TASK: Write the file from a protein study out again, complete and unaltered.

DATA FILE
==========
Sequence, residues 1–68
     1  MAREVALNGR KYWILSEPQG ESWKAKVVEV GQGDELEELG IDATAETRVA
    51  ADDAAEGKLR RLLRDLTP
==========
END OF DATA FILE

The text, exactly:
Sequence, residues 1–68
     1  MAREVALNGR KYWILSEPQG ESWKAKVVEV GQGDELEELG IDATAETRVA
    51  ADDAAEGKLR RLLRDLTP